In line with Switzerland's International Cooperation Strategy for the 2021–24 period, the Southern Africa programme now prioritises two countries: Zimbabwe and Zambia. The programme focuses on achieving food security, providing access to high-quality services, especially healthcare, and strengthening civil society and public institutions.

Zambia and Zimbabwe are landlocked neighbours in Southern Africa. Their prospects for development and ability to compete globally depend heavily on regional integration and the progress of neighbouring states. Both countries are members of the Southern African Development Community (SADC). Zambia and Zimbabwe have a wealth of natural resources and a relatively well-educated young population. However, growing inequality, poverty and climate change are undermining stability.

The Cooperation Programme 2023–26 is concerned with fighting inequality, alleviating poverty, building communities' resilience, increasing food security and improving access to services, especially healthcare. The programme also aims to increase political participation and establish accountable and resilient public institutions.

Highlights of the four coming years 2013-2016

The regional programme Southern Africa will combine both instruments of Development Cooperation and Humanitarian Aid.

SDC will improve its articulation of its regional approach with its country offices, the global programmes and UN agencies active in the region and supported by SDC.
In view of the limited means of SDC, the concentration on two out of previously three domains of intervention will increase its efficiency and effectiveness:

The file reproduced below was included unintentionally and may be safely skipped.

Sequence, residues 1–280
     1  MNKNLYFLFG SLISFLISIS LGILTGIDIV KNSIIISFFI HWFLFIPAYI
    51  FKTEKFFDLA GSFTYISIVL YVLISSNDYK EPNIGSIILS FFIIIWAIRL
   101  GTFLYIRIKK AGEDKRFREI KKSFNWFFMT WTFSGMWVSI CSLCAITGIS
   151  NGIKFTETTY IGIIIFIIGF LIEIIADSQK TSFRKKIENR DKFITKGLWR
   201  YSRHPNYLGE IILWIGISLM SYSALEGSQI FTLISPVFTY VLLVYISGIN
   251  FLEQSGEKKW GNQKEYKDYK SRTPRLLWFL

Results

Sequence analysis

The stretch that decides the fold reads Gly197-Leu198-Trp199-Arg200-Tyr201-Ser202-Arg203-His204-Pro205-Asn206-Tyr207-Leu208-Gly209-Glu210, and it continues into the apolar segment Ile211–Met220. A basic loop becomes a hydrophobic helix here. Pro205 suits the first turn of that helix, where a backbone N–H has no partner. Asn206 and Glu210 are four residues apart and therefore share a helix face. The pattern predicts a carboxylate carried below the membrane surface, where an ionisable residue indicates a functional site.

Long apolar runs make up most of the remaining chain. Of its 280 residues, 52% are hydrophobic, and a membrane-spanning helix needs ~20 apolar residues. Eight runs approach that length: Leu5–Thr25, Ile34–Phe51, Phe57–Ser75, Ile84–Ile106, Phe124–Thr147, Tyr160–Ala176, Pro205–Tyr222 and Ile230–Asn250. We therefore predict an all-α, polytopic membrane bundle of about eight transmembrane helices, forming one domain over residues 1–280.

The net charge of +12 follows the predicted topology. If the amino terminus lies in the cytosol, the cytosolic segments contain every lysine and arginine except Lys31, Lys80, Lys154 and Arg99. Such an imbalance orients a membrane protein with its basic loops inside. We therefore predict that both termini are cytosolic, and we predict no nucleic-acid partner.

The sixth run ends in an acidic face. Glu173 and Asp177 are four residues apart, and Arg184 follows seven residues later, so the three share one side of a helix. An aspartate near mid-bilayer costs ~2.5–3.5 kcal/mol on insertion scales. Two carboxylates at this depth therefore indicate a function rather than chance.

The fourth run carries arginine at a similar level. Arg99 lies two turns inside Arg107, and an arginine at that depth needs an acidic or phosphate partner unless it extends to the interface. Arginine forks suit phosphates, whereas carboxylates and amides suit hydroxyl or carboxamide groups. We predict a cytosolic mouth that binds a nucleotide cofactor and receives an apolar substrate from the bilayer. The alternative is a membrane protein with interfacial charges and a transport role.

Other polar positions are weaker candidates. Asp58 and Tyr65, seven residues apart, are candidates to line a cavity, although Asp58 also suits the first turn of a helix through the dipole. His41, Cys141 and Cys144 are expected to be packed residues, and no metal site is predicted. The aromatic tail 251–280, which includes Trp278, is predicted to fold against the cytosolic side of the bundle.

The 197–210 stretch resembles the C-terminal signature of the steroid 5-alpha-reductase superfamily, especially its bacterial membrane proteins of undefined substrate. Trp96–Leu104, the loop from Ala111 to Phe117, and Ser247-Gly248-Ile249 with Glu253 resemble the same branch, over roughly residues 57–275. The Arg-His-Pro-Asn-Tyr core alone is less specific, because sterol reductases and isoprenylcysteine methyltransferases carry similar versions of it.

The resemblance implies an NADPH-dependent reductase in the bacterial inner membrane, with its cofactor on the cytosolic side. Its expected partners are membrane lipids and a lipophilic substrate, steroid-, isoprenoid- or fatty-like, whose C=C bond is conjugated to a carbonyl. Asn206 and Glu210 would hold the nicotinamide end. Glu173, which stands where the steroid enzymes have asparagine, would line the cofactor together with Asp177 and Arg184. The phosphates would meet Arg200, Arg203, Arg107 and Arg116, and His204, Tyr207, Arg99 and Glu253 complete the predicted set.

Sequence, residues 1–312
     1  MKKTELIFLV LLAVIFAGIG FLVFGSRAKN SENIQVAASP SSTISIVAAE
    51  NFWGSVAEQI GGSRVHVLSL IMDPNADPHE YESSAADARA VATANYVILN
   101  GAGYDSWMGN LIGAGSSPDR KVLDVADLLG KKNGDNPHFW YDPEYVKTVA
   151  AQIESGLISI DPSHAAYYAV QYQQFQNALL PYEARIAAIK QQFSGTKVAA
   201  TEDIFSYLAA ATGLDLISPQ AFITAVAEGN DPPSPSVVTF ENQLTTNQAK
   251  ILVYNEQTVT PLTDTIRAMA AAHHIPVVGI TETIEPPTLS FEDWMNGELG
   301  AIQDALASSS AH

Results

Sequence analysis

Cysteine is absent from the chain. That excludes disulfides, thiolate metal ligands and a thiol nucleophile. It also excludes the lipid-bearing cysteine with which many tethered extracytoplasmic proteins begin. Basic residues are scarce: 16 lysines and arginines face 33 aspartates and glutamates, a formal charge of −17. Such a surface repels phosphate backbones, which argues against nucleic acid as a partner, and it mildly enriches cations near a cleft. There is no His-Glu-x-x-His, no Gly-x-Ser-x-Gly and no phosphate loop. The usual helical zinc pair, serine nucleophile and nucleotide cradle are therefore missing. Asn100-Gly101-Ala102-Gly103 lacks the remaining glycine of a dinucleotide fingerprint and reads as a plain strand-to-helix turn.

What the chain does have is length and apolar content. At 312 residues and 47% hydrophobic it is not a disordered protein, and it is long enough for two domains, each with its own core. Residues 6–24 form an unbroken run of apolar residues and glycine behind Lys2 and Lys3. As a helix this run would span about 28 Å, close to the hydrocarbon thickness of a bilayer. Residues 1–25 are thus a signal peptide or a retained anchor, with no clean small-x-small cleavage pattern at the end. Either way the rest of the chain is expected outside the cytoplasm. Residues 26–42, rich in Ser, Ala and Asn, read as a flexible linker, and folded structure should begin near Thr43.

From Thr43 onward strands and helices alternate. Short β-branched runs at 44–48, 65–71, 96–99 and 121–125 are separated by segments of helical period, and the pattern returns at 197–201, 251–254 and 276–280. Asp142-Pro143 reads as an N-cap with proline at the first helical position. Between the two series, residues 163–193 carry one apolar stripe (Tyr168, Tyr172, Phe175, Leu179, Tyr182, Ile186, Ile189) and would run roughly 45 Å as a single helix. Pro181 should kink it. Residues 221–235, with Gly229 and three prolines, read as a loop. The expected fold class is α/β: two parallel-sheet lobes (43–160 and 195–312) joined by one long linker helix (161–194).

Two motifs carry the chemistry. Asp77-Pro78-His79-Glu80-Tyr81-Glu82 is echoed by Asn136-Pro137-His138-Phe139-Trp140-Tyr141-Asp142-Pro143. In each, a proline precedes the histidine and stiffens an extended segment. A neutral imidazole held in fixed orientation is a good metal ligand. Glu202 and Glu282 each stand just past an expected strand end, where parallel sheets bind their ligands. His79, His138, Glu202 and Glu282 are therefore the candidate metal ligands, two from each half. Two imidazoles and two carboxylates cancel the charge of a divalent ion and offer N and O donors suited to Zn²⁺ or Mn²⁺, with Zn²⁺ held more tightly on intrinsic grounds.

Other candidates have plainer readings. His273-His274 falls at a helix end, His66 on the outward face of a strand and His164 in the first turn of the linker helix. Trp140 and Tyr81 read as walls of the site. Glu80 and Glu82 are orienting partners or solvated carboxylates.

• Agriculture/Food security: Increased resilience in food security in particular of smallholder farmers in SADC region with a focus on the promotion of a harmonised seed system, post harvest management and Disaster Risk Reduction.
  • HIV/AIDS: Prevention of HIV/AIDS among young women and men and access to care and support to contribute to the overall goal of reducing HIV/AIDS incidence and vulnerabilities in particular among children and youth.
  • Governance (equitable, responsible and accountable allocation and use of public resources in the two domains) and gender (agriculture women farmers, vulnerability of women and girls in HIV/AIDS) will be tackled as transversal themes.

In the regional Programme Southern Africa (RPSA) the approach will bring together regional policy interventions and their translation into selected countries where also interventions on the ground and pilots are taking place. The component in Zimbabwe will contribute to the regional objectives in agriculture/food security and HIV/AIDS. Water, as a key component of food and health security, will be also addressed. Part of the flexible budget will be allocated to health or governance issues in a broader perspective depending on the context’s evolution.

Beyond the RPSA, the Global Programme Climate Change will increase its mitigation portfolio focused on South Africa.